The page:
The Next Market Rally Could Be Hiding in Plain Sight

The bears are setting the stage for a shocker of a rally...

Folks everywhere are convinced that stocks are about to plunge.

Hedge funds have fled to safe-haven assets. According to the hedge-fund exposure indicator from our friends at SentimenTrader, they currently hold fewer stocks than at any time since the index began in 2003.

Commodity trading advisers have gotten bearish, too. Goldman Sachs reported last month that these traders had built a $47 billion short position – their largest-ever bet against stocks.

Even the options market is bracing for impact. Put options cost 35% more than call options today. That means options traders are paying a big premium to place bets that the market will fall.

But if the market rises instead, these bears will be squeezed... and many will have to buy in just to avoid more losses.

The smallest price bump could be enough to chase stocks higher. And that process may already be underway.

Let me explain...

The S&P 500 collapsed more than 10% from July to October.

It was a grueling period. Almost nothing seemed to work. But since then, stocks have found their footing...

The S&P 500 racked up an eight-day win streak through November 8. We haven't seen a daily streak this long since November 2021.

And importantly, the rally likely isn't over yet...

I wanted to know what this move might mean for the future. So I found every S&P 500 eight-day win streak going back to 1990. Then, for each instance, I tested how stocks performed going forward.

It's pretty rare for the market to rise for eight days in a row. We've only seen those win streaks 13 times over the past 33 years.

But a string of eight consecutive up days tends to signal more gains ahead. Take a look...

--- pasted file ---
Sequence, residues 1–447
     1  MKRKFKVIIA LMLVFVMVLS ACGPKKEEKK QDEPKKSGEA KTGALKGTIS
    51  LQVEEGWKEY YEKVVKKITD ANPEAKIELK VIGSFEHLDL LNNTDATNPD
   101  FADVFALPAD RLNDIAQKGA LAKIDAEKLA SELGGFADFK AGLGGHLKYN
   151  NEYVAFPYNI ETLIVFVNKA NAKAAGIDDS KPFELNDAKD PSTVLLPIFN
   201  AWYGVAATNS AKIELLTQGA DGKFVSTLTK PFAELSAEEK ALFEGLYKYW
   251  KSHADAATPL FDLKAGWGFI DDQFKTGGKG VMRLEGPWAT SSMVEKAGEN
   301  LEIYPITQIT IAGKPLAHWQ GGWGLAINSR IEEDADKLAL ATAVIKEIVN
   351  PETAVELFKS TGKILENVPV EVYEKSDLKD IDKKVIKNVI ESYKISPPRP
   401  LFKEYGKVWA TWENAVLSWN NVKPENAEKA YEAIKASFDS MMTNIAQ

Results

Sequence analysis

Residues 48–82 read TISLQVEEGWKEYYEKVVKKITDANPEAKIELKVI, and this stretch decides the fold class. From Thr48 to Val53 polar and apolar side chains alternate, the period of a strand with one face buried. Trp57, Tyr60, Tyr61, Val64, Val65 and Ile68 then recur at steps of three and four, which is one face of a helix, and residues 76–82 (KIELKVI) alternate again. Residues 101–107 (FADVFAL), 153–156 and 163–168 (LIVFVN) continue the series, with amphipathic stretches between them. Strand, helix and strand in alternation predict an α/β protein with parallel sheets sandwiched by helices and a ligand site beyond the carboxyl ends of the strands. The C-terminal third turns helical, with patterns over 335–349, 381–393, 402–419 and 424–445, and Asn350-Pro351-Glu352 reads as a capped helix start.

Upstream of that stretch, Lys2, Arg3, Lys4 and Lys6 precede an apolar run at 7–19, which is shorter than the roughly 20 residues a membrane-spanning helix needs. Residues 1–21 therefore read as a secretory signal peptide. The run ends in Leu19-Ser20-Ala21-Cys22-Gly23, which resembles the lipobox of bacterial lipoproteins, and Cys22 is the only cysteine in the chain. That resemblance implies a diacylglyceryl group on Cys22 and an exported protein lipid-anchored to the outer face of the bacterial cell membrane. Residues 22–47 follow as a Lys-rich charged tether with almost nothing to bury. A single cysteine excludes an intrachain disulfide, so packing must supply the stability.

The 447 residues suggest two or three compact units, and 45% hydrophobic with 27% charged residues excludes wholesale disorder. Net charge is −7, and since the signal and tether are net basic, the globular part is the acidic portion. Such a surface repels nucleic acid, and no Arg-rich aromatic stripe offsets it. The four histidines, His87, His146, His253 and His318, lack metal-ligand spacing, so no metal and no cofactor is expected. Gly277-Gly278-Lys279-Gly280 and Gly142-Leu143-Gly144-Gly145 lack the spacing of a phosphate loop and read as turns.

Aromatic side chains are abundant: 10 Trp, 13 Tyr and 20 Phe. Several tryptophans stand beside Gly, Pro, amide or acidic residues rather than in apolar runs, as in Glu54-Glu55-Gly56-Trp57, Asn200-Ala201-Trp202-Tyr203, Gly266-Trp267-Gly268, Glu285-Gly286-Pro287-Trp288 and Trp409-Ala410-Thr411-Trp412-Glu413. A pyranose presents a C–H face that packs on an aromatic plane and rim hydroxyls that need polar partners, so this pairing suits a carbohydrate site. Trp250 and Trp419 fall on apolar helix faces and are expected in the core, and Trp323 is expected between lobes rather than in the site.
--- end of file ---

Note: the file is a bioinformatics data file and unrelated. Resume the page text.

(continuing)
Stocks have returned about 8% a year since 1990. But buying on eight-day win streaks returned 9% annually.

While one extra percentage point of return may not be much to write home about, these streaks have been reliable indicators of a good year to come for stocks...

They kicked off an up year about 85% of the time. What's more, the returns in those winning years tended to be significant... The average performance was 14%, with a maximum return of 24%.

However, the less-common drawdowns after these signals were significant as well. Stocks fell an average of 14% in those down years, with a max drawdown of 19%.

It's also worth noting that there were only two negative signals. The first took place in April 2019 – a year before the pandemic dip. And the second was near the peak of the 2021 bull market.

But today's market sentiment couldn't be more different from the 2021 buying frenzy...

No one wants to touch stocks today. And that leaves a lot of potential buyers out there to chase prices higher.

This gives us a great contrarian setup in stocks today...

We have a serious sentiment washout. And we have a good risk-to-reward setup after the recent win streak.

The next market rally could go higher and longer than anyone is expecting... so make sure your portfolio is positioned to benefit.

Good investing,

Sean Michael Cummings

Further Reading

A late-stage bull market looks very different from one that is just beginning. Sentiment is fragile early on – like we're seeing now. And while it may not feel comfortable to buy when investors are fearful, that fear is more support for a contrarian opportunity in stocks... Read more here.

"History shows this 10% dip isn't the end of the world," Sean writes. The recent correction spooked investors. But over time, we can see that drawdowns like these are extremely common – even during the absolute best years for stock returns... Learn more here.

Market Notes



CBOE Global Markets (CBOE)... trading-exchange operator
Fair Isaac (FICO)... credit-score data analytics
Morningstar (MORN)... financial services
Progressive (PGR)... insurance
Microsoft (MSFT)... tech giant
Dell Technologies (DELL)... laptops and PCs
Adobe (ADBE)... cloud services
Akamai Technologies (AKAM)... cloud services
CrowdStrike (CRWD)... cloud security
Broadcom (AVGO)... semiconductors
Micron Technology (MU)... semiconductors
Uber Technologies (UBER)... ride hailing
Walmart (WMT)... "World Dominator" of discount retail
Cintas (CTAS)... uniform supplier
Abercrombie & Fitch (ANF)... apparel
O'Reilly Automotive (ORLY)... auto parts
Trane Technologies (TT)... HVAC manufacturer
Hilton Worldwide (HLT)... hotels
Motorola Solutions (MSI)... telecom


Pfizer (PFE)... pharmaceuticals
Moderna (MRNA)... pharmaceuticals
Biogen (BIIB)... biotechnology
Best Buy (BBY)... electronics retailer
J.M. Smucker (SJM)... packaged foods
Hasbro (HAS)... toys and games
General Motors (GM)... automaker
Chevron (CVX)... oil and gas
First Solar (FSLR)... solar energy
Albemarle (ALB)... chemicals